The delightful cuisine of the Islamic world comes to life during Eid festivities and the long Ramzan fasts that precede them. In Hyderabad, Pista House is absolutely packed with locals every evening for the iftar meal, as it churns out bowls and bowls of creamy, wholesome haleem. In Mumbai, Muhammad Ali Road brims with life as shops offer melting- soft kebabs, nalli nihari, unctuous paya, pancake like sugary malpuas, mawa jalebis, and the odd Ramzan specialty - steamed cakes of sandal. The lanes around Jama Masjid in Delhi are packed each evening, with people breaking their daily fasts with delicious iftar delicacies like biryani, seekh kebabs and the sinfully-rich shahi tukda. No matter where in India you go, Eid food is superlative.
But, we went one step further; we scoured the world to find some of its most unique and iconic iftar dishes. In the UAE, for instance, camel hump is a prized delicacy; in Morocco, pigeon was stewed into a pie; while in Iran, ice-cream is made with the help of salep (made from wild orchids). But, there are many dishes that are far less unusual than these. Depending on where we went, we found that iftar tables can be spread with everything, from sesame seed bread and pulao to the wheat-based meat porridge (hariss) and savoury bean puddings.
Maklubeh In Palestine
Maklubeh is a sort of hearty pulao, made from tender lamb's neck, fried aubergine and rice that is cooked in a pot and then turned upside down on the plate at the time of its serving. The word maklubeh (or makloubeh) literally means 'upside down', and comes from northern Palestine like Safed and Galilee. A painstaking dish, one that requires hours of toil over the fire, it is usually reserved for special occasions such as during wedding or Eid festivities. It's usually made in large quantities to accommodate family members and friends- after all, one of Prophet Mohammed's believed that the highest status was given to one who treated their guests well.
Tharid In Bahrain
Tharid is said to be Prophet Muhammed's favourite dish, so it is no wonder that it is considered across Arab nations as a Ramzan essential. In Bahrain, for instance, although other dishes may change, tharid is served at almost every iftar meal! To make tharid, you first need to make regag, which is a paper-fine crisp bread. This is then torn into pieces and spread on a dish as the bedrock of tharid. Above it is ladled a meat stock, then a meat stew called 'talbina' is piled atop (the stew allows the bread to soften, which is said to make it easier to digest). Finally, all of it is eaten together by hand.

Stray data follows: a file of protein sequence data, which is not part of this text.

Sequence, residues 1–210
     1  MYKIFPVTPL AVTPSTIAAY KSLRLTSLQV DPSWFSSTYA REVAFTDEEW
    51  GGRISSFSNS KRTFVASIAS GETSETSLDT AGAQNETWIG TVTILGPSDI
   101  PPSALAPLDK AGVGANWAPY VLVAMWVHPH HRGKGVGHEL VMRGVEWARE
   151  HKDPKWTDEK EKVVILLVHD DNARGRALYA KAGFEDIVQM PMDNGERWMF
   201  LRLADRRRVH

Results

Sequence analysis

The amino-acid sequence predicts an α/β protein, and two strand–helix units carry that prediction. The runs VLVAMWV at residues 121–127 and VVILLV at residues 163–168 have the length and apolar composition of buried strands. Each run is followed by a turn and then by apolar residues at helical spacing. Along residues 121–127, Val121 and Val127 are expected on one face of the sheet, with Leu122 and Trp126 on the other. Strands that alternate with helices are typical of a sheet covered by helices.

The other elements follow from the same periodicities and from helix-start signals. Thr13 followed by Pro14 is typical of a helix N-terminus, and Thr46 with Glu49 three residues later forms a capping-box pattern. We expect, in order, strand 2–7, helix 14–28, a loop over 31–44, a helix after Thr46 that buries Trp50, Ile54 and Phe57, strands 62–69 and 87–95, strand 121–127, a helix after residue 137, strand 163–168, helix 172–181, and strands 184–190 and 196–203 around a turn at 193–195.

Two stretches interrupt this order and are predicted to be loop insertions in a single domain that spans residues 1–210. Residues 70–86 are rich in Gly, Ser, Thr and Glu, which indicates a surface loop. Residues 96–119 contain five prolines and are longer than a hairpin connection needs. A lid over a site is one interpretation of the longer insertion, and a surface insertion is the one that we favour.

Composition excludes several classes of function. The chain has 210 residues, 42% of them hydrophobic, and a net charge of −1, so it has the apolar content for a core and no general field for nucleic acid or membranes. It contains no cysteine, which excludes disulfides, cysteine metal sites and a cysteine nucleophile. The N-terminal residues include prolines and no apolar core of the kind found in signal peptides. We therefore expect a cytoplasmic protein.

Hariss In Saudia Arabia
Just like Tharid, hariss (also known as h'riss or harissa, depending on where in the world you go) is also a dish that is served every day at the iftar meal. It is a simple yet nourishing porridge, made with wheat, spices and meat (usually lamb) that's cooked and cooked, until it is meltingly-soft and tender. It is a dish made in large quantities, meant to be shared with family and friends.
The unusual thing about harissa is that it is not just a Muslim dish served only for iftar. According to the famous food historian and cookbook author, Claudia Roden, it was even eaten by medieval Andalusian Jews and Yemeni Jews (to this day), as well as Christians in Syria and Lebanon!
Moi Moi In Nigeria
Moi moi was born in Nigeria from a mixture of steamed beans that have been pureed with spices and then steamed into a fluffy pudding-like hunk, and eaten with fermented cornmeal pudding (ogi). It's a simple dish that can be togged up with the addition of prawns, beef, eggs and such, and has a rather distinctive orange colour from the added spices. Moi moi is an extremely popular iftar dish because beans are a staple crop in northern Nigeria.
Mkate Wa Ufuta In Zanzibar
Mkate wa ufuta is a simple sesame and coconut milk naan like bread -traditional to Zanzibar (and even Kenya and other countries of east Africa) - that marries perfectly with samaki wa kupaka (a grilled fish bathed in a coconut gravy). Its dense texture fills you up fast, and makes it the perfect dish to usher in the end of the day-long fasting.
Date Cookies In Syria
An Eid special in Syria, these shortbread cookies are made with nuts and dates, and are offered to guests visiting at the time of the iftar meal. These are not just regular cookies though, they are made with special wooden or plastic moulds called tabe that slap a distinct pattern onto the dough. The moulds are often passed on from one generation to the next. They're a fixture during Ramzan, whether they're used to offer guests or snack on during nights of prayer.